Monday 22 October 2018

Spending through the PIF and NDF programmes will further
support GDP growth, says Moody’s.

Saudi govt spending to back GDP growth: Moody’s

DUBAI, December 21, 2017

The increased government spending in Saudi Arabia’s SR978 billion ($261 billion) budget for 2018 will support GDP growth in 2018, following a contraction in the economy in 2017, said Moody’s Investor Service in a new report.

Off-budget spending through the Public Investment Fund and the National Development Fund will further support this growth, it added.

The 2018 budget shows that the government stepped-up spending in the fourth quarter of 2017, and that this somewhat looser fiscal stance will continue in 2018, the report noted.

Moody’s also highlighted that fiscal performance in 2017, the planned budget deficit in 2018, as well as the updated medium-term forecasts until 2023 under the new Fiscal Balance Program are in line with its expectations and therefore do not change its view of Saudi Arabia's fiscal strength.

From a financing perspective, Moody’s expects the government will continue to tap international and local capital markets, and draw on its fiscal reserves.

Key points from Moody's report:

•    The preliminary deficit for 2017 reached SR230 billion ($61 billion or 8.9 per cent of the official GDP estimate). This is 16 per cent higher than the budgeted deficit of SR198 billion, but in line with our expectation of a 9 per cent of GDP fiscal deficit.

•    The quarterly spending profile shows that the government tried to stimulate the economy in the fourth quarter, with total spending up 39 per cent year-on-year (see Exhibit 1 below).

•    According to the budget document, the economy contracted by 0.5 per cent year-on-year in 2017, a bit less than our forecast of -1.0 per cent, with non-oil real GDP growth of +1.5 per cent (compared to our forecast of +1.3 per cent).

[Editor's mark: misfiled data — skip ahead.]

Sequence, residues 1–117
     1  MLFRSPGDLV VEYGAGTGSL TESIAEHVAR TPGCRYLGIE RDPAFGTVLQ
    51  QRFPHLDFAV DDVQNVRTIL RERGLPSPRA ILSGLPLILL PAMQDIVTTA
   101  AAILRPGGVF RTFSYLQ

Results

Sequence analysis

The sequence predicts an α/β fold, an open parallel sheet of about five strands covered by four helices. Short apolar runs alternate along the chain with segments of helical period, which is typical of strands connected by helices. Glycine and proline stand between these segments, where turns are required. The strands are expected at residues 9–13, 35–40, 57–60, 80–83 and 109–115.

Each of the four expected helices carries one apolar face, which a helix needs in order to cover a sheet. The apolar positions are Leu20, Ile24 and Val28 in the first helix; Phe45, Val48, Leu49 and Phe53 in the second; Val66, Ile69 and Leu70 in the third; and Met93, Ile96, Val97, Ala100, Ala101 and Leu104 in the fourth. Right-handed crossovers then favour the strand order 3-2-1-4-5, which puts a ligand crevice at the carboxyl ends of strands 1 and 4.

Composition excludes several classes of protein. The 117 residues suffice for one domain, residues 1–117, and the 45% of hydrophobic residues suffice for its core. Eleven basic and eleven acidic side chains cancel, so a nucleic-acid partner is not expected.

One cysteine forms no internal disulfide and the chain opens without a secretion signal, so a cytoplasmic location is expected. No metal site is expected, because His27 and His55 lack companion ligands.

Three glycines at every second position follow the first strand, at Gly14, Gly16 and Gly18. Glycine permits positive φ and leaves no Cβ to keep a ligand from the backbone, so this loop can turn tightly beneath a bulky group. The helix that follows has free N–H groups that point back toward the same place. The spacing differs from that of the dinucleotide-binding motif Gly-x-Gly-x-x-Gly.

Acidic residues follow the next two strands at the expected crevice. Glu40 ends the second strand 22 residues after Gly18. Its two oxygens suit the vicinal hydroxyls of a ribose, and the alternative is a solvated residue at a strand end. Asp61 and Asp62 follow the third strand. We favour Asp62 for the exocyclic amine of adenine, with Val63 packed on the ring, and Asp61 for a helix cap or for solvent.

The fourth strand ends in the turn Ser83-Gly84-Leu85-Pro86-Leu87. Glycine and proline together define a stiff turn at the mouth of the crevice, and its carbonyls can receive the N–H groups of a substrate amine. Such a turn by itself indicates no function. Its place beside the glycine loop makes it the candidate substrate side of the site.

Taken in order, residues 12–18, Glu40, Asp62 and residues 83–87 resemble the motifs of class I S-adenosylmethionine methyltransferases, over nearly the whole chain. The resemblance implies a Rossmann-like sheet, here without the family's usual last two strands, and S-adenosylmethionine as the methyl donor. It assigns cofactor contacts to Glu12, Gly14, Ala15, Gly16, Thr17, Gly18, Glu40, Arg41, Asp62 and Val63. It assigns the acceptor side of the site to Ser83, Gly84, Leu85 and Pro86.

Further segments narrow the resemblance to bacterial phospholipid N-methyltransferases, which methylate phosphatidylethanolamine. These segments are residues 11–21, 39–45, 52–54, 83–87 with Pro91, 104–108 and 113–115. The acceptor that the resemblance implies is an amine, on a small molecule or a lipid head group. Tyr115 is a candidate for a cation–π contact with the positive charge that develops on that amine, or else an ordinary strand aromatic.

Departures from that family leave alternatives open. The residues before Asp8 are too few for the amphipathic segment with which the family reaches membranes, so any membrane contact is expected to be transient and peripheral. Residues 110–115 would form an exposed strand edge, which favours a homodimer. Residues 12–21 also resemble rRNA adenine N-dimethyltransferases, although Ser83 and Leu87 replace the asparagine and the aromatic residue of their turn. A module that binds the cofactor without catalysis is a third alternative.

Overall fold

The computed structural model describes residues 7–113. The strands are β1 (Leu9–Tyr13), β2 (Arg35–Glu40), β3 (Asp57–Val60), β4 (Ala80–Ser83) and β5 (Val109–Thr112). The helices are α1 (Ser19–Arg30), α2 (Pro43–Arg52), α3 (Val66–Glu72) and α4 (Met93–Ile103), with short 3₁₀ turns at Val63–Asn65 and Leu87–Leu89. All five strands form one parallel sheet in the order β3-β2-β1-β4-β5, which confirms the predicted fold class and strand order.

•    Revenues were SR696 billion (SR440 billion in oil revenues and SR256 billion from non-oil revenues), slightly higher than the SR692 billion in the 2017 budget.

•    Despite the significant pick-up in oil prices throughout the year, oil revenues were about 8 per cent below the budget target, mainly due to the delayed implementation of energy price reform; this confirmed our concerns about overly optimistic budget assumptions in 2017.

•    Nevertheless, non-oil revenue performance was very strong, maintaining a 36 per cent share of total revenues, the same as in 2016 and significantly above the 13 per cent average between 2010 and 2015.

•    Total spending of SR926 billion was 16 per cent higher than the SR890 billion budget figure. Following lower-than-budgeted spending in 2016, this is now again in line with the long-term historical performance, with government on average exceeding budgeted spending by 15 per cent-25 per cent.

•    The overrun was driven by higher spending on military and defence, education, and health and social development, which together exceeded their combined budget allocation by SR74 billion. However, this was partially offset by lower-than-budgeted spending of about SR33 billion on public programs and infrastructure. – TradeArabia News Service

Tags: Saudi Arabia | GDP | Moody’s |

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